All three have precisely the sorts of groups that they would have drawn for themselves: Peru, Australia and Denmark for the French; Serbia, Switzerland and Costa Rica for Brazil; Mexico, Sweden and South Korea in with the reigning champion, Germany.
Of all the top seeds, in fact, only Argentina had cause to leave Moscow a little dispirited. Jorge Sampaoli's team stuttered through qualifying, its fearsome attack blunted surprisingly - and troublingly - easily until Messi conjured a hat trick in Ecuador to ensure his country would go to Russia. Still, its fragile confidence could have done without the prospect of Croatia, Nigeria and Iceland lurking in Group D.
That such a lineup could constitute the toughest of all the groups is indicative of the other major change - one not effected, at least directly by FIFA - that influenced the way the draw played out.
Qualifying for this tournament proved, decisively, that there has been a shift in the nature of international soccer. Italy, the Netherlands, Chile and the United States are not here; Iceland, Peru and Panama are. Major nations can no longer coast into the World Cup. Smaller countries, with a decent crop of players, a gifted coach, and a sense of purpose, can overturn the odds.
The change has made for some wonderful stories over the last two years, but this was its flip side: a tournament short on groups of death and seismic encounters between superpowers.
As Gareth Southgate, the England manager, rightly said, it is when the draw is over that "everything comes alive." It is when fans start to map out where their team will go, and whom it might face in the knockout rounds, when a black-and-white tournament is flooded with color.
This is a little different. The 2018 World Cup has the look of a slow-burner. The first two weeks will be intriguing, rather than explosive; some of the lesser lights will have a moment to shine. Only in the latter stages will the fireworks start. FIFA is unlikely to object to a tournament that, if things go to form, could throw up quarterfinals between Portugal and France, Brazil and England, Spain and Argentina and Germany and Colombia.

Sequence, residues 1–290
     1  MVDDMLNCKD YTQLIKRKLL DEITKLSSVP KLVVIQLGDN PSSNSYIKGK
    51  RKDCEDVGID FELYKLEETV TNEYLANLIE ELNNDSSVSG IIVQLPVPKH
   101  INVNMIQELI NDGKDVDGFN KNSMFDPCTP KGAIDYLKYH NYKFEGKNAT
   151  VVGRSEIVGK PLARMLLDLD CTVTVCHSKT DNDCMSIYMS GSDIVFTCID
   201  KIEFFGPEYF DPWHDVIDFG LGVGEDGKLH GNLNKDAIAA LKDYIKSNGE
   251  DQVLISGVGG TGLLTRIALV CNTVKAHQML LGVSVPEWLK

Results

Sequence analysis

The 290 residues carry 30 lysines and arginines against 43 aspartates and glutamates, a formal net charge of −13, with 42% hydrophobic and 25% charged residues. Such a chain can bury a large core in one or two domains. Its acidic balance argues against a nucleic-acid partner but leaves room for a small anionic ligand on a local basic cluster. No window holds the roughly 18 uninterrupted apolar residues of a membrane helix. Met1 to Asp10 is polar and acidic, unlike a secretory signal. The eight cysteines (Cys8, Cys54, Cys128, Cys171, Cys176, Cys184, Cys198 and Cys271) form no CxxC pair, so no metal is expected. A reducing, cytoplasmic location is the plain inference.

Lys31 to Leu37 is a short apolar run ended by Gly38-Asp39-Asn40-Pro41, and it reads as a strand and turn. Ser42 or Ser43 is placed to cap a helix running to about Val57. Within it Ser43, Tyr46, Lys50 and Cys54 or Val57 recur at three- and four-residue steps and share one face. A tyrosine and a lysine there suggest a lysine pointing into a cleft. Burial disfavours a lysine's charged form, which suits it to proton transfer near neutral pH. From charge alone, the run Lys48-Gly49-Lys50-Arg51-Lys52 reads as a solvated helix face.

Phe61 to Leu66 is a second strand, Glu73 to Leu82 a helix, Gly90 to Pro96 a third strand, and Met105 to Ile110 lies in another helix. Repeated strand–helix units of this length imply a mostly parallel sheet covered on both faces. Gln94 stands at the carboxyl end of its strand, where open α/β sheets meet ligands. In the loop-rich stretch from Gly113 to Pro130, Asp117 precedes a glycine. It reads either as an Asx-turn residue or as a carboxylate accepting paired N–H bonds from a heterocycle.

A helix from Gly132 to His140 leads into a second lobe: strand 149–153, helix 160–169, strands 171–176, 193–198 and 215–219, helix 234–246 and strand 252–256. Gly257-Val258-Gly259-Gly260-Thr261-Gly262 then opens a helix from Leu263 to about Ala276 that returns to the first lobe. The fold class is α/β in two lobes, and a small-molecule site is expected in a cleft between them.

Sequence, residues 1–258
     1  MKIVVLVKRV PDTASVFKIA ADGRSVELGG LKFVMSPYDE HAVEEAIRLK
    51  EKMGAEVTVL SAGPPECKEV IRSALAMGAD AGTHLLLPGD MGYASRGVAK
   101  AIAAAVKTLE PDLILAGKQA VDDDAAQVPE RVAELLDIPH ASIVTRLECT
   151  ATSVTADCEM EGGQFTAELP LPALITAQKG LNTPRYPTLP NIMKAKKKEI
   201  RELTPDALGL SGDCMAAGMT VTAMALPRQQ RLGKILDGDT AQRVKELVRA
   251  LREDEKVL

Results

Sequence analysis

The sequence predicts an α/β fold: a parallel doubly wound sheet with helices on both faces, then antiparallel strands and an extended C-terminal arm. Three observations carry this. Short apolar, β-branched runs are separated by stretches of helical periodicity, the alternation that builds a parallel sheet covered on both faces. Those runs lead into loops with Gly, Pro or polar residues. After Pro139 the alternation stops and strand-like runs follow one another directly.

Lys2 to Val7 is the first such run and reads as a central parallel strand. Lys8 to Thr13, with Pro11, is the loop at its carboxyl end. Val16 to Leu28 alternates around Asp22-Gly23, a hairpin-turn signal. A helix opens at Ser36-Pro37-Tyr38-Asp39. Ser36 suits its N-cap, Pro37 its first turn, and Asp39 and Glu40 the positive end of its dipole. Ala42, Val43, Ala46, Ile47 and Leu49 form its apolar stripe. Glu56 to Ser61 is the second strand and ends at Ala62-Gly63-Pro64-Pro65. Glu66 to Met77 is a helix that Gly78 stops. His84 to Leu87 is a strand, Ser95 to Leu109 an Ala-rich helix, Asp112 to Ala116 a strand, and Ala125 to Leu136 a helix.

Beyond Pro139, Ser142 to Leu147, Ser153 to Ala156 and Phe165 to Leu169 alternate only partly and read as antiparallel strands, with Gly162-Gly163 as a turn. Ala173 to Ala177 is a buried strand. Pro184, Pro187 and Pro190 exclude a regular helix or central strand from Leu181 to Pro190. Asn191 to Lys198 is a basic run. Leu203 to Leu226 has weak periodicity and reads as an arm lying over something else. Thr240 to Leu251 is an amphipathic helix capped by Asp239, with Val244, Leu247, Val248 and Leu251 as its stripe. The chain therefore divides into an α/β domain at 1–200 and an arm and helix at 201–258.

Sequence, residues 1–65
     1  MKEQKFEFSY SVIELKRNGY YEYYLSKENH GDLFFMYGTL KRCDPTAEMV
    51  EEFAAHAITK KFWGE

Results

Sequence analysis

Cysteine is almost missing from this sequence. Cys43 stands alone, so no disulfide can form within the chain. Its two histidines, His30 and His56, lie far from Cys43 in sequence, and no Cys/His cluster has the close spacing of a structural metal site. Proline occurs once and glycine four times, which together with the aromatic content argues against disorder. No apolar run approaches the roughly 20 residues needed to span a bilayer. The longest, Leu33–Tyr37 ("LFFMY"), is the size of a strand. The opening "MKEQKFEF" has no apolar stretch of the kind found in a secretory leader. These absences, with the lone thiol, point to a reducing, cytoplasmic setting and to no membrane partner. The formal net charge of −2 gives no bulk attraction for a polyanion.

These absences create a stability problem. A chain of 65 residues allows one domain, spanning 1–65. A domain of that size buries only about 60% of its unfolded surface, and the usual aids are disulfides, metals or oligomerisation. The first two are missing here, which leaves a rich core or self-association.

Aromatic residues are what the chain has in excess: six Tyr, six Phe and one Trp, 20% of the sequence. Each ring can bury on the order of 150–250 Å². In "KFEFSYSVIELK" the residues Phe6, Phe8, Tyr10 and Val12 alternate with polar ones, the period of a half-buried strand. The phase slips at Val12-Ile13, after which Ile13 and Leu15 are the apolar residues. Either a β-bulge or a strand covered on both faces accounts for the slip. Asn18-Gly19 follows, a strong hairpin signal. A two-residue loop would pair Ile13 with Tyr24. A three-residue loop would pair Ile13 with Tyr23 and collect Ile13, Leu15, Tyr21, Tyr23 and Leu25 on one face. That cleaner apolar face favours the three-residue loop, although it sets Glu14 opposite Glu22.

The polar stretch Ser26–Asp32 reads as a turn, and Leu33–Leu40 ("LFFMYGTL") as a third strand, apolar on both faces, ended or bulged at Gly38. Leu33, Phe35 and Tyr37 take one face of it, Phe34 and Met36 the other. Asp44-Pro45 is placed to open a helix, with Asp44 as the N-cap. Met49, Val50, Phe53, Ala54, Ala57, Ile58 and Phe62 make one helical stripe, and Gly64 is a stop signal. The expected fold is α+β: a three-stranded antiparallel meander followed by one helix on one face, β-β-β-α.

It is an approach with just one attendant danger. All tournaments hinge on how the host country copes when its team is eliminated. If it loses interest, the event itself can lose some of its fizz.
That is a particular risk with Russia, where official support for the World Cup is rooted in a desire to project national pride, and power, to the world. If that wanes, the electricity of the tournament might go with it. "Russia is warm and welcoming," Infantino said. "Everyone will be able to celebrate football with the Russian people." The question, apart from what "everyone" means, is how long that will last.
So perhaps the applause that greeted confirmation of the opening game was not from the Russians, but from FIFA. Russia is in a group with Saudi Arabia, Egypt and Uruguay. Not a cakewalk, by any means, but not a Calvary, either. Enough, certainly, to reassure the host that it will not be thrown out of its own party too early.